Last night’s CNN debate might have signaled something of a sea change in this regard. Trump was confronted like never before. Again, however, the party regulars were assisted by the moderators: Jake Tapper’s first question focused on whether Trump was trustworthy of holding the country’s nuclear codes, and his second question asked whether Trump was a serious candidate. Several other set-pieces to invite criticism of Trump followed throughout the evening.
Initially, it was Rand Paul who showed the most willingness to attack Trump, albeit after Trump—entirely unprovoked—attacked Paul first. Scott Walker distinguished himself early on by going after Trump on his own volition (“just because he says something, doesn’t make it true”) while Jeb Bush probably emerged from the debate having landed the most punches, although Carly Fiorina’s dignified response to Trump’s pugnacity certainly stood out .
More importantly than the candidates’ collective willingness to harangue Trump, however, was the fact that the debate, for the most part, was not even about Trump. Issues such as foreign policy, defense policy, the legalization of marijuana, Planned Parenthood and even illegal immigration took place with relatively little input from Trump. In fact, Trump was very quiet and even marginalized towards the end of the debate—good news from the perspective of the GOP mainstream, which needs to project an image of competence and steadiness and avoid the perception that Trump’s coup d’état is already a fait accompli .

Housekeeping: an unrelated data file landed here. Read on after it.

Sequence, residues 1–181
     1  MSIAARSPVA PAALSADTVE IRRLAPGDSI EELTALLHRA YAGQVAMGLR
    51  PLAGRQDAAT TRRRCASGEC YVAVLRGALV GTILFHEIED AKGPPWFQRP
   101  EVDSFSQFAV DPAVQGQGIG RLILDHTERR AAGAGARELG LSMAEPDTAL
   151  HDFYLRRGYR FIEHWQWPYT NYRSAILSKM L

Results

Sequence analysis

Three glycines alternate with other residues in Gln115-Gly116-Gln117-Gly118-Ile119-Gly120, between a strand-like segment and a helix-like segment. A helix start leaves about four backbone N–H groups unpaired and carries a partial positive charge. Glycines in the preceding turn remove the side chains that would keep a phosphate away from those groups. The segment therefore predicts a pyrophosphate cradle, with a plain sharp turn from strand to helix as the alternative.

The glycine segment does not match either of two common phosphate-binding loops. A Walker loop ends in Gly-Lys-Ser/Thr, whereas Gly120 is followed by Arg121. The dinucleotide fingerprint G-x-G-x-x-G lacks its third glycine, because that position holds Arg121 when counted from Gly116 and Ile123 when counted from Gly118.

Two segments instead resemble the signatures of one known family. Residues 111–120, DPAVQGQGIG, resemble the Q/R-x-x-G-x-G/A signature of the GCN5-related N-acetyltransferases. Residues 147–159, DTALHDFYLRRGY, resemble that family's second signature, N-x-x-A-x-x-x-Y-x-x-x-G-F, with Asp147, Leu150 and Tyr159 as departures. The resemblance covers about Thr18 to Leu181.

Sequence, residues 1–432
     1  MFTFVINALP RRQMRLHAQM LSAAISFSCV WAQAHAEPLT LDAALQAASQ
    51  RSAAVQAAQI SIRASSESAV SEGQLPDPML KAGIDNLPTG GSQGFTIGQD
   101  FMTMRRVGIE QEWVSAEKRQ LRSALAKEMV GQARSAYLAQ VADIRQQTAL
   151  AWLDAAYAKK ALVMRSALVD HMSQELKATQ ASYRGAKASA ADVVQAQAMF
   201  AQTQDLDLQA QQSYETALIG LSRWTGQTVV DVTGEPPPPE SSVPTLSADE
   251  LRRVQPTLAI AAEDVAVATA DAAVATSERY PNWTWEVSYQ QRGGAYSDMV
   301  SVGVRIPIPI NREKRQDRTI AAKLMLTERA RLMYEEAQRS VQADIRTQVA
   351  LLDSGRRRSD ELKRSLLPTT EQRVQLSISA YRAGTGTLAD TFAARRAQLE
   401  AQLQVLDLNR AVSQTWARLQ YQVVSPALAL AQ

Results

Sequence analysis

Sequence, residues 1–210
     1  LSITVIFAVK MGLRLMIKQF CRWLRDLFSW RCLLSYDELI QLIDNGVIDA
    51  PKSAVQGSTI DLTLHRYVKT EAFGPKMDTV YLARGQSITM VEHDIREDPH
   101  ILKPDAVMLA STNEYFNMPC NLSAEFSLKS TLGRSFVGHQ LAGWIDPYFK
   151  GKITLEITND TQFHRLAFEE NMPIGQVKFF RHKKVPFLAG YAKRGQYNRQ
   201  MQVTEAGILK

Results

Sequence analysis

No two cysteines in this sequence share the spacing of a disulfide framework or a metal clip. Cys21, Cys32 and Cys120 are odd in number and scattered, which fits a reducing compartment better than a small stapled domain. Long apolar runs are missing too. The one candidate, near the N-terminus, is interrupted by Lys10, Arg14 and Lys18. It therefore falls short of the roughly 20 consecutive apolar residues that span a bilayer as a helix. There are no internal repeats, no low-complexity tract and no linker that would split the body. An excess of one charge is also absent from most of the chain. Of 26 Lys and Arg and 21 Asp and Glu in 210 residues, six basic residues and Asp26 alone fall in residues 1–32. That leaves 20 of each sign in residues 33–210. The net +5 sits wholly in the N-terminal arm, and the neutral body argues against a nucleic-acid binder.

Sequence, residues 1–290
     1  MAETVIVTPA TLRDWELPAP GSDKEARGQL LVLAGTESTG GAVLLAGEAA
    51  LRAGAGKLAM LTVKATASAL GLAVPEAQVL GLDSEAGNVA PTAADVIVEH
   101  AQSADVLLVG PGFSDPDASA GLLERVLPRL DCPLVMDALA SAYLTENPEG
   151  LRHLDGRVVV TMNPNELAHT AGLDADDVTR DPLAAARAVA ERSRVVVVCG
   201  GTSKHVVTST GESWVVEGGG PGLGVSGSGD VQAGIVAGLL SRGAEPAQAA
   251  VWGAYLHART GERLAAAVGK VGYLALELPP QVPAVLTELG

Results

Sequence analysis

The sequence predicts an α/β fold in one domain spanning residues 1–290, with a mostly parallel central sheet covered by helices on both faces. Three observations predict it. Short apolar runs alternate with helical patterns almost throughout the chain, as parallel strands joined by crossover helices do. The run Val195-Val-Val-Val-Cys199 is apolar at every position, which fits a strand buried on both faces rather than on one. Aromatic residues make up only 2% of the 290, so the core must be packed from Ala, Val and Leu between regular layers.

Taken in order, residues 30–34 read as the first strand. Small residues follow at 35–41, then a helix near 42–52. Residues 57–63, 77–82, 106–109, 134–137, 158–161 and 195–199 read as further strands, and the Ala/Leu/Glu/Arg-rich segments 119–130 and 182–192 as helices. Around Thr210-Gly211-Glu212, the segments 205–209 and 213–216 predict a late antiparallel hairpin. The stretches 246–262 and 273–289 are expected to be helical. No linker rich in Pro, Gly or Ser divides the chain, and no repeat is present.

When Trump did expound at length, his answers were predictably rambling and short on detail. This was especially true of his foreign policy answers, which helped to draw a stark contrast between Trump and Carly Fiorina and Marco Rubio, for example, who both made a point of being specific and sounding well-versed on foreign policy. Trump’s prediction that he would “get on” with Vladimir Putin is unlikely to go over well with the GOP base and he had little interesting to say about China or Iran. For a party that has long made national security its “killer app,” Trump’s failure to grasp even basically appealing talking points bodes ill for his campaign.
Indeed, one of the main things to come out of the CNN debate might be that Trump’s biggest vulnerability is on foreign policy. This is an area where establishment figures can paint Trump as out of touch and reckless without having to change anything about their own policies. Perhaps the biggest cheer of the night, in fact, was in response to Jeb Bush defending his brother’s national security record against Trump’s barbs—suggesting that W.’s brand of hawkishness is not altogether out of fashion in Republican circles.
Moving forward, the Republican establishment will have to intensify its scrutiny of Trump’s positions in order to convince GOP voters to ditch him as a champion of their concerns. It won’t happen overnight; Trump’s bottomless source of funds and his willingness to stake out unrealistic but highly populist positions will ensure that he remains a formidable contender for quite some time. But taking back the primary process can’t be done by simply waiting for Trump to implode. His appeal and his support needs to be undermined. This work cannot be performed by the media alone; at some point, it will be the party itself that needs to deal the fatal blow.
Peter Harris is an assistant professor political science at Colorado State University. You can follow him on Twitter: @ipeterharris.